Monday to Friday at 10am, right at the entrance to Club Náutico, you’ll find the fish market which is one of Moraira’s great, enduring traditions. It’s worth a visit even as a spectator, but the invite is open to everyone – and not just restaurateurs – to take part as local fishermen auction of the daily catch, starting high and lowering the price until a suitable bid is offered. You’ll struggle to find fresher fish anywhere!
A paradise that offers the perfect mix of traditional and modern
What You Will Love
There’s one word for Moraira and that’s Charming. Its unspoilt crystal-clear shores rival any of those found in the Caribbean. A perfectly sized paradise which offers a sublime mix of traditional and modern. You almost get the feeling that this little hidden hideaway is still very much a secret from the rest of the world.
El Portet stands out in particular as one of the jewels of Moraira. The bay is sheltered by the Cap d’Or and is only a short walking distance from the town centre. Locals and visitors refer to the bay as ‘a little patch of heaven’. The clarity and calm of its waters create the sensation of a plunge pool, a perfect place to drift away and leave the world behind. Wherever you’ve come from and whatever you’re used to, you’re bound to appreciate the beauty, space and pace of life here.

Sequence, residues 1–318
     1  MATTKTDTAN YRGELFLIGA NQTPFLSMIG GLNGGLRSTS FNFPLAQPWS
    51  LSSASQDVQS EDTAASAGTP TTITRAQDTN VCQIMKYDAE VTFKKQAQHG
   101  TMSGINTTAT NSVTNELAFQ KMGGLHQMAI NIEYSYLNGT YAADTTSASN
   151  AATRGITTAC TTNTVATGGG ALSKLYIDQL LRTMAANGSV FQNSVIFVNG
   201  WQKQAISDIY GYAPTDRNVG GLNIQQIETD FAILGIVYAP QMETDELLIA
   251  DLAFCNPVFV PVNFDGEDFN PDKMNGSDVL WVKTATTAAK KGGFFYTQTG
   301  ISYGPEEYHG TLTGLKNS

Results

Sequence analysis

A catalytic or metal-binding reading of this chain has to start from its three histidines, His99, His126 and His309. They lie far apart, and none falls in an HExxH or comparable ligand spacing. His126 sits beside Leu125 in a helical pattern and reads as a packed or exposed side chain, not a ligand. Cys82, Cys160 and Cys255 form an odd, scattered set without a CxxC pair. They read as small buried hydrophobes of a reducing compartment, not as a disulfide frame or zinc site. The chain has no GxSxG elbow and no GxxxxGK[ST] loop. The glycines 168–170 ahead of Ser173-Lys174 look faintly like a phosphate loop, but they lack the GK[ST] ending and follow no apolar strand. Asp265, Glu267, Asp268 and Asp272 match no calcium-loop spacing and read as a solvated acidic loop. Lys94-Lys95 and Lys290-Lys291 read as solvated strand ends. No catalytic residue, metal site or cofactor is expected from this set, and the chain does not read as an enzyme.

Moraira ‘castle’ on the sea front was built in 1742 and still has the shield from the Royal Borbon family over the door way adding to the feeling you are part of this secret and slightly exclusive ‘Moraira club’. A short walk from the castle and you will reach the beautiful marina, host to a huge range of phenomenal yachts. Eating the fish from one of the many restaurants surrounding the marina of Moraira is both a pleasure and a privilege. As you have seen; on offer is the perfect combination of history, gastronomy, scenic walks and beautiful beaches, without the overcrowding we see in other areas.
But is it safe? The final world goes to one local who advises: “Be VERY careful in Moraira…you will absolutely fall in love with it!”